Ipsos put out its annual Reputation Council Survey and for 2015 –it might not be such a surprise that corporate brand and corporate reputation are merging in ways that were once unthinkable. There was once a time when the brand manager and risk manager didn’t even know each other, now it is more likely they are meeting regularly, along with the social media manager, public relations / communications manager and other stakeholders who manage a company’s reputation in an increasingly interconnected (and online) world. Ipsos says the edition of this survey focuses “…on the challenges of achieving a differentiated reputation in a crowded communications landscape.” Ispsos spoke to hundreds of council members to put together this report that speaks to a variety of issues:
Looking at the regions around the world – what are some of the major issues that are causing reputation “heartburn” for many global companies?” Ipsos summarized the following:
- Americas – Financials, energy, pharmaceuticals and data security.
- APAC – Both finance and energy were issues that permeated across the Asian region.
- Latin America – Energy and mining
- African and the Middle East – Energy, pharmaceuticals and more
Understanding that these top issues are clearly harmful on multiple levels, what might propel companies in these regions to do better or even shape up their policies? Is it regulation? More transparency?
The Ipsos report showcases a cynical public: “Globally (across 25 countries in the Ipsos Global @dvisor survey) 40% of people believe there is too little regulation of banking companies and 37% believe there is too little regulation of insurance companies.”
Financials appear to have more than its share it troubles worldwide: “The … financial services industry is an industry under siege,” notes the report. “The fallout from the 2008 financial crisis is perceived as strong in the minds of consumers and regulators alike. The industry’s challenges are compounded by governance issues that continue to come to light and by additional missteps from the industry in customer service and data protection.”
The Ispsos Reputation report notes that now companies in these industries need to take reputation management much more seriously and use it as a strategic objective. Ispsos says that while many think that too much emphasis on transparency might be a waste of time or send out the wrong messages, many Reputation Council members stress that the benefits outweigh the potential drawbacks, especially for those companies under the microscope. Ispsos says“…that comes with the territory of being a distinctive, leading voice in the market.”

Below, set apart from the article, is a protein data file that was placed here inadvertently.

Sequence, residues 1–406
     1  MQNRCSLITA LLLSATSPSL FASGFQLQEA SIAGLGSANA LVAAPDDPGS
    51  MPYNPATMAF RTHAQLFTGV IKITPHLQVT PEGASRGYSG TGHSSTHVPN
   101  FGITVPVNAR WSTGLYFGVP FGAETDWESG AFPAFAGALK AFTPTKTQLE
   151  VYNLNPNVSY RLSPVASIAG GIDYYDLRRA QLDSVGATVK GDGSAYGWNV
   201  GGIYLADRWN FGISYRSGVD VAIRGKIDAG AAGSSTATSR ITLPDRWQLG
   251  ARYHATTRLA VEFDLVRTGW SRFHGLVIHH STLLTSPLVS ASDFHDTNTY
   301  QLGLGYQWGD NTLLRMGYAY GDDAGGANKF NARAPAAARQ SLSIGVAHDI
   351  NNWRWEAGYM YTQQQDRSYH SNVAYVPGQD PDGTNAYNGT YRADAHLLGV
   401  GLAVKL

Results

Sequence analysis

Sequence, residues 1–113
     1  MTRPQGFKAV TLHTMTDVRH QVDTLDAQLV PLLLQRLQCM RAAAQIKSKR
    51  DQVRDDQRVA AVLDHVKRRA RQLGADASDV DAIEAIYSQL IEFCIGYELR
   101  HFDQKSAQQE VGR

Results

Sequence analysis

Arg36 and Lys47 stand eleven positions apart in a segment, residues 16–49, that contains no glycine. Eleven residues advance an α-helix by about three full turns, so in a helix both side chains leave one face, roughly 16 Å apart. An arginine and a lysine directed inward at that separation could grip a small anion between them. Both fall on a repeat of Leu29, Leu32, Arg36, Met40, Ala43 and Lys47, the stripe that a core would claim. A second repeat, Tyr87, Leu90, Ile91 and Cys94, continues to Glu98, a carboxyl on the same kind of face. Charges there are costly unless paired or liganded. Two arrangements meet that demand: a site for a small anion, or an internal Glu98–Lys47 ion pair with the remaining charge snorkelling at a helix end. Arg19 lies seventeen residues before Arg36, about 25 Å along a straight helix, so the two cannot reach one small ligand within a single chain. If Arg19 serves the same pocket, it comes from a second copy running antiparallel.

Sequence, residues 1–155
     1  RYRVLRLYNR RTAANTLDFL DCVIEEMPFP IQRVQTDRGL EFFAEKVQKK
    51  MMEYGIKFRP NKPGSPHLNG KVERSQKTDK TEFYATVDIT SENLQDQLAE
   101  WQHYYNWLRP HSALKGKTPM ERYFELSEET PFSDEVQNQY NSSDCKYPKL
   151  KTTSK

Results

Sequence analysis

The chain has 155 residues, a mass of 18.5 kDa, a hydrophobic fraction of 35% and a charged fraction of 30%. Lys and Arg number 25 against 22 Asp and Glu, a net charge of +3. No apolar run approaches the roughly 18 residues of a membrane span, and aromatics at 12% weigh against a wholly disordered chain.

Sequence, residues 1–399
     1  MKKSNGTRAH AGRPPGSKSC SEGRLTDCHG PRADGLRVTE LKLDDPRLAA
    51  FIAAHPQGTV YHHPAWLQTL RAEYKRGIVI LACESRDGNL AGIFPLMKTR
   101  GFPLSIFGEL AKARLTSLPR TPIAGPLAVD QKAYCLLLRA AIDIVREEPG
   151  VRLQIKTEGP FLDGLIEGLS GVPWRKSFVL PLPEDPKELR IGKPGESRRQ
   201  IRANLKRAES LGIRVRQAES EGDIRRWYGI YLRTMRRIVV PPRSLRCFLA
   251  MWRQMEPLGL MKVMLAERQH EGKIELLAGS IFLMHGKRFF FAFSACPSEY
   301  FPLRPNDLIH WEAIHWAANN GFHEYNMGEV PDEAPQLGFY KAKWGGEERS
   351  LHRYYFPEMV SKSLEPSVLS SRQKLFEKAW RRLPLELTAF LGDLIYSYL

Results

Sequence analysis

In a nutshell, how much money, time and energy should a company invest in reputation management for business? Ipsos advises that many should look at striking the balance between proactive and reactive: In other words, experts said, “…what extent do you invest your resources in the brand’s reputation up front, and how much do you leave in the war chest for contingency?” The point being, if reputational issues are not managed effectively upfront – then the cost of a crisis can be very exorbitant on many fronts.
Another issue that has affected the reputation management of top global corporations is data breaches. Hundreds of companies have seen their mission-critical and private customer data compromised as a result of hacking and infiltration of what was once thought of full-proof firewalls. These reputational issues seem to mostly affect “…financial services, retailers, technology, telecommunications and government.”
Many customers today are thinking twice about where to invest money or even if using credit cards are safe. Digitization is an important (not to mention an unpleasant issue) and despite chips in credit cards and more stringent regulations (PCI, HIPPA, etc.), global corporations are still being infiltrated.
Today many realize that social media can be the driver of both good and bad news – and in some cases – a very fast driver that can run like a roaring train once an ounce of rumor is reported. “The inner workings of corporations are on show like never before and stakeholders increasingly place a premium on those organizations which communicate and deliver upon a set of values that are aligned with their sense of what is right and wrong,” says the Ispsos report.
Today corporate communicators are continually challenged that stakeholders will receive information on a corporation’s actions as quickly as the corporation’s communicators.
“At a time when all corporate messages and actions are examined in great detail by a growing group of influential stakeholders, it is increasingly important that corporations are what they say they are,” says the Ipsos report. “Authenticity is a quality that stakeholders feel is increasingly rare and greatly in demand – therefore creating a significant advantage for those that can achieve it.”